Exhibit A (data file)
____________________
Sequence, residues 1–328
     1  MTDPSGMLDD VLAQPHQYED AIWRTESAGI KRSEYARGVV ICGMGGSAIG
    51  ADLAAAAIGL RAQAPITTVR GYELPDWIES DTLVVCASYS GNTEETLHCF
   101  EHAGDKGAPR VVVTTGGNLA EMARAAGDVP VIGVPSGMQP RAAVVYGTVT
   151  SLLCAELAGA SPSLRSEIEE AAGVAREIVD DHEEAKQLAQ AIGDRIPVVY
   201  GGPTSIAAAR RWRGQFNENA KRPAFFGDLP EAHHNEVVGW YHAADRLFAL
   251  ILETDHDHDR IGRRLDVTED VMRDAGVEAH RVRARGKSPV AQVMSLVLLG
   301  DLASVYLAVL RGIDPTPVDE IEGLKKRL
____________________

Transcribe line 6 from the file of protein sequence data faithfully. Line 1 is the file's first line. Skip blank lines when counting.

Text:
   201  GGPTSIAAAR RWRGQFNENA KRPAFFGDLP EAHHNEVVGW YHAADRLFAL